• Barber, Colleen A.
  • Robertson, Raleigh J.


Floaters are sexually mature yet nonbreeding, nonterritorial individuals (Smith 1978). They are common in many passerine species and avian social systems (see Zack and Stutchbury 1992) but relatively little is known about them. Floating behavior ultimately arises through an excess of sexually mature individuals trying to procure a limited number of nesting sites (Brown 1969, Smith and Arcese 1989). It has been described as an alternative reproductive strategy to territoriality (Austad 1984) and as a behavior based on quality differences among individuals (Smith and Arcese 1989). Floaters are characterized by their frequent intrusions into occupied territories to search for nesting sites (Arcese 1987, Stutchbury 1991) or to attempt extrapair copulations with resident females (Dunbar 1982). In the latter case, males potentially could gain reproductive success without the costs of territory defense and parental care. However, this latter scenario is thought to be unlikely because male floaters typically are deemed to be inferior in quality to resident males (Brown 1969, Smith 1978)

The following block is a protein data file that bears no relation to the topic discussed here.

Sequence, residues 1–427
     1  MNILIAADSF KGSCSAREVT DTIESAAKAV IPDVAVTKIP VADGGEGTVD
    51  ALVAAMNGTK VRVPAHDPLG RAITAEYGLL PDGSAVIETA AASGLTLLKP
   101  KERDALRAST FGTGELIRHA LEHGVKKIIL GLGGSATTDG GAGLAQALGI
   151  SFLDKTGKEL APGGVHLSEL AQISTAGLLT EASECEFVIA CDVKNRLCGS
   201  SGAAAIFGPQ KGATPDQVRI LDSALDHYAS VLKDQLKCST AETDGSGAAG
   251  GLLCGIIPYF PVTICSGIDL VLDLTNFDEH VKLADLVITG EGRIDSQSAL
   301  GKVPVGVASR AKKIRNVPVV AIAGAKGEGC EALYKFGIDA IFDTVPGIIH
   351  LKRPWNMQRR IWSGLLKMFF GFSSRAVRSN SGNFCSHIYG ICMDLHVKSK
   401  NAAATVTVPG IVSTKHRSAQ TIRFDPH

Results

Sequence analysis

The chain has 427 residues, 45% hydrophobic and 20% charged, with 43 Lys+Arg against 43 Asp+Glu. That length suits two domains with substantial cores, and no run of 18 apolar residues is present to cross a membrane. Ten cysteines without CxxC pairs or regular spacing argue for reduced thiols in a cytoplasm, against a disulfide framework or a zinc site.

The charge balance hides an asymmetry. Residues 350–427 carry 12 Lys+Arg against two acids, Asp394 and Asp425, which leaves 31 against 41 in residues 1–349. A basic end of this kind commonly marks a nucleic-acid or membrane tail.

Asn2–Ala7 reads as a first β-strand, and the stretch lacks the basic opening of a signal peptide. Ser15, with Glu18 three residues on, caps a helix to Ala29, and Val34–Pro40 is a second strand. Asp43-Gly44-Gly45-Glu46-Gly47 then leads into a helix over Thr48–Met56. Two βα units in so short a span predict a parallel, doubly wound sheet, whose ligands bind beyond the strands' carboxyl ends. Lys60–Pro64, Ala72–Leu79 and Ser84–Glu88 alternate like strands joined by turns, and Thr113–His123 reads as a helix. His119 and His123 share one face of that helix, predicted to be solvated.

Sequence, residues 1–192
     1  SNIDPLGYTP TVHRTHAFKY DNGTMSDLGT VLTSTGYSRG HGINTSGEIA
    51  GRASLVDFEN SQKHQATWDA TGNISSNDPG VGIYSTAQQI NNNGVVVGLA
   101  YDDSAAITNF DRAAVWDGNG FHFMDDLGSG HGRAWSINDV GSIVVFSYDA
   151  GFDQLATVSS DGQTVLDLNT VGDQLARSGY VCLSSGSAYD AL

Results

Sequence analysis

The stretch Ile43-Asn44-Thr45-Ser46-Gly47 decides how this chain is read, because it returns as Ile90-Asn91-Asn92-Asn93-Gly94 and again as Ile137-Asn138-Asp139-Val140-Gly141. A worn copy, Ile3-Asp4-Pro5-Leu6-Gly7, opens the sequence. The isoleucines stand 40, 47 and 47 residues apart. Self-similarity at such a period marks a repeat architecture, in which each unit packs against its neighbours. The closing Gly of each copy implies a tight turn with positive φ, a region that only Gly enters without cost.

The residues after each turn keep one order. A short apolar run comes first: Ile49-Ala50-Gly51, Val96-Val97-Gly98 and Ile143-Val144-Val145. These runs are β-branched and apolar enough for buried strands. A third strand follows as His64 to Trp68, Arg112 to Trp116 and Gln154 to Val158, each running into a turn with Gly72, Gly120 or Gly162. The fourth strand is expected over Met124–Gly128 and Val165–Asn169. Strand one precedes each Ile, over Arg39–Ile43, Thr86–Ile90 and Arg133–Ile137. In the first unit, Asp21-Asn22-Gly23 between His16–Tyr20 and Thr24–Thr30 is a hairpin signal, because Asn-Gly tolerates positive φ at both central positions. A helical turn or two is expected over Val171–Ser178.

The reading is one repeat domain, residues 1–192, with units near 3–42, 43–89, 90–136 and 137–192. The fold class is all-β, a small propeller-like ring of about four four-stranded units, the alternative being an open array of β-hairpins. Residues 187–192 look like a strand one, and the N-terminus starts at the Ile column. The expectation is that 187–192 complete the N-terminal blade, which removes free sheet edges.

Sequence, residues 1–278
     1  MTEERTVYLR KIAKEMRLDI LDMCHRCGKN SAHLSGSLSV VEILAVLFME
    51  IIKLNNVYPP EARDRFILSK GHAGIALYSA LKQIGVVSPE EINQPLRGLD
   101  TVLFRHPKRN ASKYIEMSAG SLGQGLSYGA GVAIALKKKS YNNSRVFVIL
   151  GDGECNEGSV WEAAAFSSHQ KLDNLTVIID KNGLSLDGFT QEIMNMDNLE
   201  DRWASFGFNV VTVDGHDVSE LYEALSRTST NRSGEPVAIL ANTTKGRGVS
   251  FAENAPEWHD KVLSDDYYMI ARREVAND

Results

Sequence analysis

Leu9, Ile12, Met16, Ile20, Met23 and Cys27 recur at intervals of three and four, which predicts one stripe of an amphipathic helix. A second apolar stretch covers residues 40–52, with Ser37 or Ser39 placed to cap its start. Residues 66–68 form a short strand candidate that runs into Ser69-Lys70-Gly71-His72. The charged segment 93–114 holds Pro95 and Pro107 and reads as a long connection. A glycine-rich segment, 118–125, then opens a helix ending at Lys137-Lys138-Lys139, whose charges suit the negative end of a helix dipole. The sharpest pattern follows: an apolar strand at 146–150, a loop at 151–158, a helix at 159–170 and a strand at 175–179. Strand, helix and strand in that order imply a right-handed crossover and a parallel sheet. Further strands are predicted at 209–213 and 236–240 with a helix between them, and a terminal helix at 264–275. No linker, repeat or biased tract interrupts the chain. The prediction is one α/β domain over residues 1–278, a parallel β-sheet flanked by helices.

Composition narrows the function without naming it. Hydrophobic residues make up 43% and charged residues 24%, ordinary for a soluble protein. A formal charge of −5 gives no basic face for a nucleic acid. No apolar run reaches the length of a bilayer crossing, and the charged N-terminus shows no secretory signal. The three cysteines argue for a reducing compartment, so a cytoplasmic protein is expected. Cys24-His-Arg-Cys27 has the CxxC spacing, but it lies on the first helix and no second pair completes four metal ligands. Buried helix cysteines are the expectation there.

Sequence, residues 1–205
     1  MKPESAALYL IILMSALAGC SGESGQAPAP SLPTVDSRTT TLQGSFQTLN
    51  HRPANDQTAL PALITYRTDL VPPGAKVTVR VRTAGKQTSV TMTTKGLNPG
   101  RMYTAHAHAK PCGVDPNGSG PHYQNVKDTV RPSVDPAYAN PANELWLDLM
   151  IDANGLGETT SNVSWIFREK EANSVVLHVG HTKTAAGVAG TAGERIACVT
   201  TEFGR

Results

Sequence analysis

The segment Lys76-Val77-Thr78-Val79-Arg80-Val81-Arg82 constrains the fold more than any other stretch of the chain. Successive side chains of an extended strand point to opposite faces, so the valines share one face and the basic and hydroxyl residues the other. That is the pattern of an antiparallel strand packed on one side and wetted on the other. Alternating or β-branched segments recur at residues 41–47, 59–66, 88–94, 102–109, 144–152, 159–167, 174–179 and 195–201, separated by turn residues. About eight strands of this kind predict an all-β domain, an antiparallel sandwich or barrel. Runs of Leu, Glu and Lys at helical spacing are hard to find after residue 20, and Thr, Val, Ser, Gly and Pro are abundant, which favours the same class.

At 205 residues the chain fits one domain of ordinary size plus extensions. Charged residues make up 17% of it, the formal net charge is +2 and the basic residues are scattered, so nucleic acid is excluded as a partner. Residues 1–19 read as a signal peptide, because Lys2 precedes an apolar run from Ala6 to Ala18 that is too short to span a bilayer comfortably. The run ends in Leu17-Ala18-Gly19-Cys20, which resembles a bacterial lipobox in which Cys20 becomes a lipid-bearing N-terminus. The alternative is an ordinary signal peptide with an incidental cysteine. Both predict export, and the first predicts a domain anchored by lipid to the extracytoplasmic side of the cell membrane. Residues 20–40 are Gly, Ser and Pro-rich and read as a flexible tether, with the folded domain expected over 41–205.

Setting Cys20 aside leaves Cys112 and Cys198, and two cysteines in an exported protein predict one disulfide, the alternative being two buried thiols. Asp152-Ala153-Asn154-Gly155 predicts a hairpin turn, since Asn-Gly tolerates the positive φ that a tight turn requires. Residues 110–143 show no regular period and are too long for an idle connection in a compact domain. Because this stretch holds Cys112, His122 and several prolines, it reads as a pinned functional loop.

Extensive watches and DNA fingerprinting